XU made the NCAA Tournament in 1995, 1997, 1998 and 2001 and appeared in the NIT in 1999 (semifinal) and 2000.
Prosser, the 1996-97 Basketball Times Mideast Coach of the Year and NABC District 10 Coach of the Year, was 148-65 (.695) in seven years as head coach at Xavier University and his overall head coaching record stands at 291-146 (.667), which included stops at Loyola College and Wake Forest.
Prosser led Xavier to the 1998 Atlantic 10 Conference Championship and XU captured back-to-back Atlantic 10 West Division Regular Season Championships in 1997 and 1998. Prosser's first Xavier team won the 1995 Midwestern Collegiate Conference Regular Season Championship with a perfect 14-0 mark, while earning him the 1994-95 MCC Coach of the Year award. His team at Loyola won the 1994 Metro Atlantic Athletic Conference Championship.
Many critics doubted Xavier chances when Xavier moved from the MCC to the Atlantic 10 for the 1995-96 season.
The Musketeers compiled a 23-5 record in Prosser's first season as Xavier's head coach (1994-95), including a spotless 14-0 record in Xavier's final season as a member of the MCC.
In 1997 Prosser led XU to a 13-3 league mark, which was good enough for an Atlantic 10 West Division Championship despite having no seniors among its top-six players. XU earned a West Division Co-Championship in 1998 at 11-5 and went on to win the Tournament Title.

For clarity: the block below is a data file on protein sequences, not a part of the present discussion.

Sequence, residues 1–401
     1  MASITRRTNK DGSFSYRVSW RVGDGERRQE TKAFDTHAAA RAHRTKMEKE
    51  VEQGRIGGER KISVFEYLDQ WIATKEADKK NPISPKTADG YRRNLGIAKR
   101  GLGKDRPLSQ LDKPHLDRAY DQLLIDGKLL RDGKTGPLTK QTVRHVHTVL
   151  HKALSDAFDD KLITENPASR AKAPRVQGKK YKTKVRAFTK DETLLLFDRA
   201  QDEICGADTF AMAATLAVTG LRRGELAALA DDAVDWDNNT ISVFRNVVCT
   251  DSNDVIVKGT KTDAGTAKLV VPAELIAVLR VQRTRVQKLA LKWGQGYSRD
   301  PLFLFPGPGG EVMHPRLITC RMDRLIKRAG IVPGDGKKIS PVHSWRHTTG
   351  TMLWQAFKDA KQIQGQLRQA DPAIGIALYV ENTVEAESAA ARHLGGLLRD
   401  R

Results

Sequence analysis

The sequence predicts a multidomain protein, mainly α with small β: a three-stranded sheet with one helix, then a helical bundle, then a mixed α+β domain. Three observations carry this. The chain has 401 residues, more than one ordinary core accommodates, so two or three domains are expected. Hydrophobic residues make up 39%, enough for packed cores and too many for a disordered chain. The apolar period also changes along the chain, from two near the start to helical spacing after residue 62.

Prosser's roots are deep in teaching experience. Prosser spent 13 years as a high-school teacher and coach in Wheeling, W. Va. before coming to Xavier.
Prosser's season at Loyola was true Cinderella Story. He took over a squad that finished 2-25 in the 1992-93 season but Loyola turned around its fortunes in Prosser's first season, finishing the year at 17-13 while advancing to the school's first NCAA Tournament appearance. It marked the biggest turnaround in NCAA Division I basketball that year.
The underdog Greyhounds won three MAAC Tournament games en route to winning the championship and capturing the automatic NCAA bid.
Prosser, who spent eight years as the top assistant to head coach Pete Gillen at XU, was on the first staff put together by Gillen in 1995. During Prosser's time at Xavier, the Musketeers compiled a record of 180-67, capturing five MCC Tournament Championships and five Regular Season Championships while earning seven NCAA Tournament berths. XU advanced to at least the NCAA Tournament Second Round in four of its seven appearances, including the 1990 Sweet 16.
Prosser came to Xavier in 1985 as an assistant coach after an illustrious coaching career on the high school level. Prosser began his high school tenure at Linsly Institute in Wheeling, W. Va. before taking over as head coach at Central Catholic High School in Wheeling in 1979.
His six-year Central Catholic ledger read 104-48, including a State AA Championship in 1982.
Prosser, a 1972 graduate of the United States Merchant Marine Academy in Kings Point, N.Y. with a degree in nautical science, played three years of basketball as a guard and three years of rugby as a collegian. He received his master's degree in secondary education from West Virginia University in 1980. George Edward "Skip" Prosser, who was born November 3, 1950 in Pittsburgh, played prep football and basketball at Carnegie High School in Carnegie, Pa.